Lessons From An Old Guy

For some reason, I’ve been getting a lot of letters from young guys lately. The exact topics vary, but the general theme seems to be looking for advice as they join this wonderful, wacky world of church tech. God has also brought a bunch of younger guys into my direct sphere of influence, so there seems to be a common theme here. Between that and the recent revelation that I’ve now spent more years doing live production professionally, than most of these guys have been alive (25 years, to be exact), it seemed good to share a few things that I’ve learned in that time.

Banish Pride
When you’re young you think you know everything. How many teenagers have you heard say, “My parents just don’t get this!” Perhaps you’ve said it yourself. For reasons unknown, with a little bit of knowledge comes a lot of pride. I know a lot of guys in their mid to late 20’s who, having worked in live production for a few years think they have it really dialed in. Typically, they are good at what they do, but they have a huge blind spot; they don’t yet know what they don’t know.

I know about this attitude because I was one of those people. I was really arrogant and cocky when I was in my 20’s. I was actually pretty good at what I did, and I let everyone know it. Thankfully I had a few people in my life who were willing to call me out when I was being a jerk and God put a lot of opportunities to fail in my path. Nothing roots out pride like catastrophic failure. Or you could just start working at being more humble.

Now, it’s true there are a lot of old guys in this business who are arrogant bastards as well. The only thing I can say about them is that after 20-30 years of doing this, they may have earned the right to be arrogant. But they’re still no fun to work with.

Takeaway: Strive to be humble and easy to work with. You’ll go a lot farther, a lot faster.

Stay Open Minded
This is almost a corollary to the first point. Never be afraid to learn something from someone who knows less than you do. I work with guys who weren’t even born when I graduated high school, and I’ve learned a ton from them. Having a fresh perspective on an issue is one of the fastest ways to come up with a solution. As a church TD or production professional, you’re not being paid to know all the answers (though that’s a common misconception). In fact, you’re being paid to come up with the best solutions. The best solutions come from teamwork, collaboration and not being afraid to try something new.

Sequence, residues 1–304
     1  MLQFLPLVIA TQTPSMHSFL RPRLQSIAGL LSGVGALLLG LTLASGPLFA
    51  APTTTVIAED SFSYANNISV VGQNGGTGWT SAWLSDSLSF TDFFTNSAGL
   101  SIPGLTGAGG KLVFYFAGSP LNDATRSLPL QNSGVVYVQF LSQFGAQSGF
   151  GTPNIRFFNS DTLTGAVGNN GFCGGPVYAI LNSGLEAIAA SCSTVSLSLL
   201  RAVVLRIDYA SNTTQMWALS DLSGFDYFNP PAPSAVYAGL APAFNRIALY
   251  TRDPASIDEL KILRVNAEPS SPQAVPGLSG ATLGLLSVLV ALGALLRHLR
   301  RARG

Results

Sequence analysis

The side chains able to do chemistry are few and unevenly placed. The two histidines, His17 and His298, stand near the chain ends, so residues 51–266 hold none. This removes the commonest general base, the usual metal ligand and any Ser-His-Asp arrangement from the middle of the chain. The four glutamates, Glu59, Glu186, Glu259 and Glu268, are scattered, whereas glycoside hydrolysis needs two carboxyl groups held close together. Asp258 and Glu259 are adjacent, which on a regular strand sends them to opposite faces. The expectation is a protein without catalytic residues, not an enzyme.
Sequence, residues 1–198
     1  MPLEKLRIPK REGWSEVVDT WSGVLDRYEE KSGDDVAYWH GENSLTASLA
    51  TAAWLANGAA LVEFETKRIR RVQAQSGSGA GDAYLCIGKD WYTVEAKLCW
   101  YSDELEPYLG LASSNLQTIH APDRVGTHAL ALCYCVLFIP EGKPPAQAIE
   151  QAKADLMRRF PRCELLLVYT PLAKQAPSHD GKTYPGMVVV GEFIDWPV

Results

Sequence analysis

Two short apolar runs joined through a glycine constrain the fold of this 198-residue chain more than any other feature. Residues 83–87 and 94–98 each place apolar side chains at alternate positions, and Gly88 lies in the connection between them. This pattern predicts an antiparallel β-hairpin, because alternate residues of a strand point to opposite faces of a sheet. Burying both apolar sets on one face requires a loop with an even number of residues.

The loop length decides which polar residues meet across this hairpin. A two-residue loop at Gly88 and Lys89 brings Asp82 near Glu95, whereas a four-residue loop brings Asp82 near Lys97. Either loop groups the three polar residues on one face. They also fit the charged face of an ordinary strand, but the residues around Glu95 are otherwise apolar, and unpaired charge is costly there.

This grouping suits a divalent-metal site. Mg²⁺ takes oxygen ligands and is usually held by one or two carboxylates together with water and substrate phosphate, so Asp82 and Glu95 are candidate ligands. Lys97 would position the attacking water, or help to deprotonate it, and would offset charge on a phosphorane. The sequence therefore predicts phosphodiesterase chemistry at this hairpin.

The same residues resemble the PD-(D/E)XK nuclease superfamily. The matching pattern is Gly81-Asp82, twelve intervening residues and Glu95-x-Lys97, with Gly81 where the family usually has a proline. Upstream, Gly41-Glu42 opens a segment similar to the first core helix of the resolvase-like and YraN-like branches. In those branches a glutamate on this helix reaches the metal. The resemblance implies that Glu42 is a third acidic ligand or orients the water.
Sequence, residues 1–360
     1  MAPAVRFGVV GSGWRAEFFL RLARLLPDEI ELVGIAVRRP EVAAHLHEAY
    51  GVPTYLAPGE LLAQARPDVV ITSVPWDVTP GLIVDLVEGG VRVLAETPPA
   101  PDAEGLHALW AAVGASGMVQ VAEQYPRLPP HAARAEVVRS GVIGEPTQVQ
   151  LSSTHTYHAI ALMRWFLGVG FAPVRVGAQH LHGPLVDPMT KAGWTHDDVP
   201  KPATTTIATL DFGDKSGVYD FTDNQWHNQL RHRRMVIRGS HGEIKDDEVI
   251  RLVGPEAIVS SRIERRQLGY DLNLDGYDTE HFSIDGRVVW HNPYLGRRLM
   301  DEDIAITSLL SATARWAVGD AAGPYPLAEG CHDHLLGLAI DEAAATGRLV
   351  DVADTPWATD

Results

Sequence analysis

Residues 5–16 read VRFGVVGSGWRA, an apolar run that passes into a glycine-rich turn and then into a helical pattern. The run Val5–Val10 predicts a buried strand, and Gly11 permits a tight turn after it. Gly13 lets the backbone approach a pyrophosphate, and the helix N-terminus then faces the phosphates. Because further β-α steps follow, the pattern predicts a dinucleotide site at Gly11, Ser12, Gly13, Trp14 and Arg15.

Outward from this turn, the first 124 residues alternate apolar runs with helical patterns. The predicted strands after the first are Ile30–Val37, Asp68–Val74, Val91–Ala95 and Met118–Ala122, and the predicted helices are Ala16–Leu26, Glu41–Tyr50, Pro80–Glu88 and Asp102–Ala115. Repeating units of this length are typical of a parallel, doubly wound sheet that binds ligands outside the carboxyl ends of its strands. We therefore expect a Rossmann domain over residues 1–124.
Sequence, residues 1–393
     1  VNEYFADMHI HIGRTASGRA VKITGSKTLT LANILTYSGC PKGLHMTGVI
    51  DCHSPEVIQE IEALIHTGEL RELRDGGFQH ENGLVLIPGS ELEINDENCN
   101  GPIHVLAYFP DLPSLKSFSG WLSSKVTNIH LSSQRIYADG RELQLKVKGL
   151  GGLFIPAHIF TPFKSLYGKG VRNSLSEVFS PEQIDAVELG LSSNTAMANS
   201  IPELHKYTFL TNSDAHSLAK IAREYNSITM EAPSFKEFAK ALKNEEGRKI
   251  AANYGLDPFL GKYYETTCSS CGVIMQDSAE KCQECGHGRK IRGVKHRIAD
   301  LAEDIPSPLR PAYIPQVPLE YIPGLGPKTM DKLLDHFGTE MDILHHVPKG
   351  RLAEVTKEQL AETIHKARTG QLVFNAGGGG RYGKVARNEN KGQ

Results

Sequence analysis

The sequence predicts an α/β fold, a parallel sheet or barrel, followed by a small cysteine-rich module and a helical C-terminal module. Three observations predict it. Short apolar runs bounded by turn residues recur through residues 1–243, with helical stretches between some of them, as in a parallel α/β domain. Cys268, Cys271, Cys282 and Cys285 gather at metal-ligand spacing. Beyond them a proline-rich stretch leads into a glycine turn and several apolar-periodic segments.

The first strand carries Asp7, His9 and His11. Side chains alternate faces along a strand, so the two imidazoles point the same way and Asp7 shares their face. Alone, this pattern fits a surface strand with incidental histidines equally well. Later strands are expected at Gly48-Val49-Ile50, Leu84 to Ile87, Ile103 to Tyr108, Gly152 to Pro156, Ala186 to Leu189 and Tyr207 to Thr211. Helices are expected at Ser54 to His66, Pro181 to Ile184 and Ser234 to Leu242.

I’m fascinated with the story of the development of the personal computer. In the movie Pirates of Silicon Valley, the Apple team visits the Xerox research center in Palo Alto (PARC). After the Apple engineers got the full tour of the GUI the PARC guys had developed, the Xerox engineers went to the head of PARC and asked why he was giving away all the secrets they had developed. He told them that the GUI was essentially a novelty and that no one would ever want a computer in their home. Steve Jobs and the other Apple guys saw the future and made history while the PARC chief missed it completely because it didn’t fit his current paradigm.

Much of what we do every weekend in church was once considered heresy, from having guitars (or any instruments for that matter) on stage to hanging long arrays of speakers up in the air. Everything we do was at one time, believed to be a crazy (or even wrong) idea. It’s important to maintain an open mind.

Takeaway: Don’t get caught in the trap of, “We’ve never done it that way before; it can’t possibly work.” Keep an open mind and give it a try.

Since this is getting long, I’m going to finish it up next time. Check back in on Wednesday for two other lessons from an old guy.